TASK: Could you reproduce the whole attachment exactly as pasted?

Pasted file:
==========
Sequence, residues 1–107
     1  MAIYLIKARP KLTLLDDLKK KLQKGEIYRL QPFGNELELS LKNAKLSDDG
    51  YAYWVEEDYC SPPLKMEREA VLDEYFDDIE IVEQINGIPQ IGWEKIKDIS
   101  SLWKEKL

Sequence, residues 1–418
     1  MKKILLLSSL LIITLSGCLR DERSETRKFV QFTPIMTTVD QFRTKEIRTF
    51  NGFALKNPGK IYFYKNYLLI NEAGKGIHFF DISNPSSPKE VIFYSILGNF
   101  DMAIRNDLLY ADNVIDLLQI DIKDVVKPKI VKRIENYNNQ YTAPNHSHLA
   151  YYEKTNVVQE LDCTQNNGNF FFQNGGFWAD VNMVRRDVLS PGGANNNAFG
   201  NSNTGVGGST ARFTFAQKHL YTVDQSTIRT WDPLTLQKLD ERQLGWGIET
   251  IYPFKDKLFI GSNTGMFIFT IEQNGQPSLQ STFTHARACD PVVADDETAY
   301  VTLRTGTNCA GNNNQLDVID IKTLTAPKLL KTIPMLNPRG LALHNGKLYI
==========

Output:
Sequence, residues 1–107
     1  MAIYLIKARP KLTLLDDLKK KLQKGEIYRL QPFGNELELS LKNAKLSDDG
    51  YAYWVEEDYC SPPLKMEREA VLDEYFDDIE IVEQINGIPQ IGWEKIKDIS
   101  SLWKEKL

Sequence, residues 1–418
     1  MKKILLLSSL LIITLSGCLR DERSETRKFV QFTPIMTTVD QFRTKEIRTF
    51  NGFALKNPGK IYFYKNYLLI NEAGKGIHFF DISNPSSPKE VIFYSILGNF
   101  DMAIRNDLLY ADNVIDLLQI DIKDVVKPKI VKRIENYNNQ YTAPNHSHLA
   151  YYEKTNVVQE LDCTQNNGNF FFQNGGFWAD VNMVRRDVLS PGGANNNAFG
   201  NSNTGVGGST ARFTFAQKHL YTVDQSTIRT WDPLTLQKLD ERQLGWGIET
   251  IYPFKDKLFI GSNTGMFIFT IEQNGQPSLQ STFTHARACD PVVADDETAY
   301  VTLRTGTNCA GNNNQLDVID IKTLTAPKLL KTIPMLNPRG LALHNGKLYI